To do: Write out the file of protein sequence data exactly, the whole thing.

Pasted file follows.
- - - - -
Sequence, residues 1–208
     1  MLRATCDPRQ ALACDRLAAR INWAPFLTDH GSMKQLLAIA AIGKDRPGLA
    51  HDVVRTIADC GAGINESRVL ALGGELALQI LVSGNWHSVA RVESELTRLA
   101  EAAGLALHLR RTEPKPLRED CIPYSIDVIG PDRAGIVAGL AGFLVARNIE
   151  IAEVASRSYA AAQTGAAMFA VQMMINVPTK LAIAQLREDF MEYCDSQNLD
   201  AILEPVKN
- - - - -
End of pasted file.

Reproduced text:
Sequence, residues 1–208
     1  MLRATCDPRQ ALACDRLAAR INWAPFLTDH GSMKQLLAIA AIGKDRPGLA
    51  HDVVRTIADC GAGINESRVL ALGGELALQI LVSGNWHSVA RVESELTRLA
   101  EAAGLALHLR RTEPKPLRED CIPYSIDVIG PDRAGIVAGL AGFLVARNIE
   151  IAEVASRSYA AAQTGAAMFA VQMMINVPTK LAIAQLREDF MEYCDSQNLD
   201  AILEPVKN